I think I have Old Crone's Disease.
Little people are pointing out my symptoms.
- I told my granddaughters that they could tell me anything and I wouldn't stop loving them. "Oma, you're fat." (Oh, except that.)
- Babies are very convenient because you can blame any odd smells on them. But what happens when there are just two of you? "Oma, was that you?"
- "I wasn't asleep," I explained. "I just had my eyes closed." Wrong. "Oma, you were snoring so loud we heard it downstairs."
- "Oma, do you shave?" she said as she touched my chin. "No!" I said haughtily. "Maybe you should," she said.
Cybil Shepherd talked about the first time she realized men were looking at her daughters and not at her. It freaked her out. Linda Evans said she had her midlife crisis at 28, when her husband fell in love with a 15-year-old beauty and she was suddenly cast aside as too old.
I can't remember which guest said she had a revelation on the golf course recently: a young guy came up to her from behind and said, "Hey, baby . . ." When she turned around he said, "Oh, sorry Ma'am. I thought you were my age." It dawned on her that having a figure like a sixteen-year-old girl didn't fool anybody. She was 58 and she needed to have something more than her looks to fall back on.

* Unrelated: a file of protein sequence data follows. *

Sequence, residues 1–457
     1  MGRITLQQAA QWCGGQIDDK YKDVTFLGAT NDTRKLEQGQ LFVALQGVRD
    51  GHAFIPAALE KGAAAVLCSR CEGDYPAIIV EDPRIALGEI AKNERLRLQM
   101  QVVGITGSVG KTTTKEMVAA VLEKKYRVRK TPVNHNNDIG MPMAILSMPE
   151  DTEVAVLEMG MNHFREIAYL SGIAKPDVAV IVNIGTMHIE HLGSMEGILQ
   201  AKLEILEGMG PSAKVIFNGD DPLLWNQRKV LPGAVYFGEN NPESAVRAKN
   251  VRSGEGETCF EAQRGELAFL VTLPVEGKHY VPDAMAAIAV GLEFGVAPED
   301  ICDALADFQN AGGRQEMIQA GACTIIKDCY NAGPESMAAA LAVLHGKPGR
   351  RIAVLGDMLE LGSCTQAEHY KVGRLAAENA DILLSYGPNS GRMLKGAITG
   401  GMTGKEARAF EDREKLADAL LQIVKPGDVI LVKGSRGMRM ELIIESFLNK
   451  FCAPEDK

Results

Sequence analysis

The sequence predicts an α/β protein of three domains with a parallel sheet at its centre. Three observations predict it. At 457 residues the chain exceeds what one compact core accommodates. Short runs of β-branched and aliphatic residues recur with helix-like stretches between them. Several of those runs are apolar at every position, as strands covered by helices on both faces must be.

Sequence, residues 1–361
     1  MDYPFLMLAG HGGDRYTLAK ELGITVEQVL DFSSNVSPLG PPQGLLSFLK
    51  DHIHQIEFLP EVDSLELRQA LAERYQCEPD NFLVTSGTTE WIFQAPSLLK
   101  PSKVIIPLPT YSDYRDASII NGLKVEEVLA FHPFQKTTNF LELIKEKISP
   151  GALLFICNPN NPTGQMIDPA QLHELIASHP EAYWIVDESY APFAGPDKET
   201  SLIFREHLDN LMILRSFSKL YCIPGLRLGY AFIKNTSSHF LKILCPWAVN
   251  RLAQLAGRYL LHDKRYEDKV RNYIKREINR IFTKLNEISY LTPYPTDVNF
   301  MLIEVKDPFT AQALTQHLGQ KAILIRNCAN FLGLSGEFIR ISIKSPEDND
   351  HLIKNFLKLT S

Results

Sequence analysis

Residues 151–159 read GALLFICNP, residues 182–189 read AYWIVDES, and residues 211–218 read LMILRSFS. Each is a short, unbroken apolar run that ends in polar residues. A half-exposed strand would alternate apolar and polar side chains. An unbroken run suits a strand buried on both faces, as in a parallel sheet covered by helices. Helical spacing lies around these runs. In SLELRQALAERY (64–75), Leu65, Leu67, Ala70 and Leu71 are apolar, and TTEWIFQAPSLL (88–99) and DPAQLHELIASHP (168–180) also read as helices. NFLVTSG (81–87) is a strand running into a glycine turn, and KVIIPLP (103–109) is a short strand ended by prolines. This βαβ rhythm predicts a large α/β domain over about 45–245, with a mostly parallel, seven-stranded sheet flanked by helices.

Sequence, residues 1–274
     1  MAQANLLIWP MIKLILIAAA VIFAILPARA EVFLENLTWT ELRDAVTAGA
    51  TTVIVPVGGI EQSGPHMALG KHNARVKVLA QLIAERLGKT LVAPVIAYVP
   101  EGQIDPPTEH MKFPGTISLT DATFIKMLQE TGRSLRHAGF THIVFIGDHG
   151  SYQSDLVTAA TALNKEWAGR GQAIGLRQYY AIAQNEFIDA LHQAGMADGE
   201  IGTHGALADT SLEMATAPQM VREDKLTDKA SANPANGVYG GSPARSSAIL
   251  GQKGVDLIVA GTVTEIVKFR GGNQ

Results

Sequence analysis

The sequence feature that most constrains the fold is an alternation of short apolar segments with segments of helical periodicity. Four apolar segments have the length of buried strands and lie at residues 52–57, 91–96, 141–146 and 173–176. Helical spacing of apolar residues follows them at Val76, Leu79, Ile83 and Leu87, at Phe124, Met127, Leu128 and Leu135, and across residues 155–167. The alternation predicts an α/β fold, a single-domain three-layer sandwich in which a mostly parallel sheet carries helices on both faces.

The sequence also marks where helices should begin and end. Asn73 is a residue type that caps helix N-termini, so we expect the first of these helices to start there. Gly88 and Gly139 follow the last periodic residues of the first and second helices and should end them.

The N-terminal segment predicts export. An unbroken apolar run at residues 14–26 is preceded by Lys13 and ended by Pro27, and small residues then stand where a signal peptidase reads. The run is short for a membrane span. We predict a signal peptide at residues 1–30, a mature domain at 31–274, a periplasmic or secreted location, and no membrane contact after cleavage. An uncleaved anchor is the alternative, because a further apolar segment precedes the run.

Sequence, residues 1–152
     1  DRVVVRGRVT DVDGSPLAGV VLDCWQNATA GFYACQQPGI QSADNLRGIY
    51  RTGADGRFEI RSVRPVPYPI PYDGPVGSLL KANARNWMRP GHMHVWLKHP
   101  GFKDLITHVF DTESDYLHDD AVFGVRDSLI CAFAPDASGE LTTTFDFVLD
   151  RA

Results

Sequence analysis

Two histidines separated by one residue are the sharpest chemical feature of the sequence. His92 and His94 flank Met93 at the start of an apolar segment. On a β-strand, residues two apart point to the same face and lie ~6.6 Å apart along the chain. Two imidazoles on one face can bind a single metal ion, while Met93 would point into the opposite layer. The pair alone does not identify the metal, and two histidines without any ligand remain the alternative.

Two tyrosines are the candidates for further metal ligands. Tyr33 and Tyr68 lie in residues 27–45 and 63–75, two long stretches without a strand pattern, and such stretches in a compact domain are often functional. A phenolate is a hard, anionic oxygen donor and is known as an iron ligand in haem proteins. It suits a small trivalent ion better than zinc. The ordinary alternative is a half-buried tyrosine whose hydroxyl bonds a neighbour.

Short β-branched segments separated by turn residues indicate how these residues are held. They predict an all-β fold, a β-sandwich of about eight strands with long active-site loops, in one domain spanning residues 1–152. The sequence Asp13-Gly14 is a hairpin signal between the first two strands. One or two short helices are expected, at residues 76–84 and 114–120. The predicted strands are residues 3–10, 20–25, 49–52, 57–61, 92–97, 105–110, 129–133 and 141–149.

About the time my eye-teeth grew in as fangs and my mom pointed out that I'd inherited her bow-legs I decided I needed something more than my looks to fall back on. Various crises came and went long before midlife, so psychologically I can handle being a 61-year-old grandmother. In fact, getting old has actually taken off a lot of pressure. But there's still some scary stuff.
- Hot flashes. How can you keep your cool when sweat is dripping off your ears?
- Bodily malfunctions. What do you say when you're in an elevator and it's obvious it was you?
- Hormonal changes. Do you join the church choir as a bass after your alto has gone south?